Ripon Museums through the eyes of young volunteers

  • Blog
time 3 min read
Young volunteers outside the Workhouse Museum

From the 12 to the 16 of November it was #IWill week in which young volunteers across the country made pledges for social action. Within the workhouse young volunteers Poppy and Lucy took over our Instagram; here are some of their experiences volunteering with Ripon Museums. 


Studying A-Level History at the local grammar school we were fascinated by Victorian social history, particularly the stories of those in the fringes of society. Volunteering at the workhouse seemed the perfect opportunity to expand our knowledge as well as get to know the local community. However, we also had our own individual agendas. Lucy, wanting to study History at a higher level, wished to see the impact of history on a local community as well as gain experience for future career choices. Whilst Poppy, having visited the museums with her primary school, wanted to learn more about the museum as the gateway between history and the public. 


From over our short time here we’ve learnt so much! Firstly, our understanding of social history, the workings of the workhouse, the has magnified having visited the three museums, not only with respect to the inner workings of a workhouse, the methods used to confine criminals but also the workings of a Victorian courthouse and the penalties for theft etc.  Furthermore, Lucy has also done some individual research, directly engaging with the people’s stories who were affected by the workhouse. We’ve also learnt about the community of Ripon through talking to visitors and museum staff; young and old. Lastly, we’ve experienced the everyday running of the museum, learning the extent of the work behind the scenes through talking to an older volunteer about the new block. 

A young volunteer at Ripon Workhouse


Encountering this new experience has taught us invaluable social and communication skills. Not only have we got to know each other, having previously only shared one class in school. But we’ve also got to know the community and the volunteers. Talking to visitors has been eye-opening, learning the plethora of reasons for their visit, ranging from a rainy day out to finding it more about their ancestors. We admire the way in which the museum participates the community, with ghost walks and school visits.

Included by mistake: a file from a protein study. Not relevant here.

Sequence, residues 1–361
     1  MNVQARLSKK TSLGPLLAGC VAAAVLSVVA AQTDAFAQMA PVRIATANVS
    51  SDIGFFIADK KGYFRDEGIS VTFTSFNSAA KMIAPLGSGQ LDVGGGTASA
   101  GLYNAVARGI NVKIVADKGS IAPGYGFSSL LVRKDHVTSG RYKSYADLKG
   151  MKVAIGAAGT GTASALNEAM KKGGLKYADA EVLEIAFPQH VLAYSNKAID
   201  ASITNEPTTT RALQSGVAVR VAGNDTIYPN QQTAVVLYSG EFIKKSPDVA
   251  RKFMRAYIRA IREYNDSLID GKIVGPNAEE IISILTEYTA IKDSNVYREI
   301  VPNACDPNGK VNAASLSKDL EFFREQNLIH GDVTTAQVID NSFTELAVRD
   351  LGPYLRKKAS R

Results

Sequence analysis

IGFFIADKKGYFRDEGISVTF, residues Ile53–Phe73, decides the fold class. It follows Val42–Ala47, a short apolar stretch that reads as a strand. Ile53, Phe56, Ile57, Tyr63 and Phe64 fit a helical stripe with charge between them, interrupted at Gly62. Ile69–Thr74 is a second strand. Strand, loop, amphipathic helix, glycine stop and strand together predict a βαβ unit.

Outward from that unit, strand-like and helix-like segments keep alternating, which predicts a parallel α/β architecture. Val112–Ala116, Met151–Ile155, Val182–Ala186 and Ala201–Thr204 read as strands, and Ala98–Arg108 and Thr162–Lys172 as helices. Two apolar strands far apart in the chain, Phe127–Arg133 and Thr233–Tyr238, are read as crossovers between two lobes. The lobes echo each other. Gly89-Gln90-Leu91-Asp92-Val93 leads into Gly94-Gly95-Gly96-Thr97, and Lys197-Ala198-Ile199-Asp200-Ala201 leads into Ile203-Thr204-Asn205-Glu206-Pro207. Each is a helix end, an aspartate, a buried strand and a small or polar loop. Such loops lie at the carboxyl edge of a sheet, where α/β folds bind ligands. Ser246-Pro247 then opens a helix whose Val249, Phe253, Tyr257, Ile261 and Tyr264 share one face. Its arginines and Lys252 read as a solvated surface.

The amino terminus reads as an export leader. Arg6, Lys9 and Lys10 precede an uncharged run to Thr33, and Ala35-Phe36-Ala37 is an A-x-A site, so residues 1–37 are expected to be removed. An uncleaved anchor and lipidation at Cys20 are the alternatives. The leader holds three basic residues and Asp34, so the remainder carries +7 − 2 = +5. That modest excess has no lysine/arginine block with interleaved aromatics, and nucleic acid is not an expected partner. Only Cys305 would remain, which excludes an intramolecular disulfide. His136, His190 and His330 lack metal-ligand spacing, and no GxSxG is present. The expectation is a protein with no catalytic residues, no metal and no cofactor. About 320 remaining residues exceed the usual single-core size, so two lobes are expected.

Young volunteers at the Workhouse Museum

The staff and volunteers from all ages have all been very welcoming, telling us stories of their relationship with the museums as well as getting to know us. Not forgetting the friendships Poppy formed with the locals!

Young volunteers at Prison & Police Museum


Participation is key to our enjoyment and learning experience as volunteers. Volunteering over may half-term Poppy took part in many activities that’s helped mould her time here. From creating fleas to manning circus games, she got to engage directly with visitors and impacted upon the impressions of their time at the museums. Choosing to volunteer in may half-term meant she could engage with activities outside the workhouse museum’s normal timetable, developing her own opinion of the museums. Furthermore, participating with getting dressing up in Victorian attire helped us integrate into the museums and relate to their history more thoroughly. 


Our last pledge as volunteers is to thank Ripon Museums for all the experiences they’ve given us, from learning to allowing us to get involved. 

Poppy Robinson / Lucy Bourdais 

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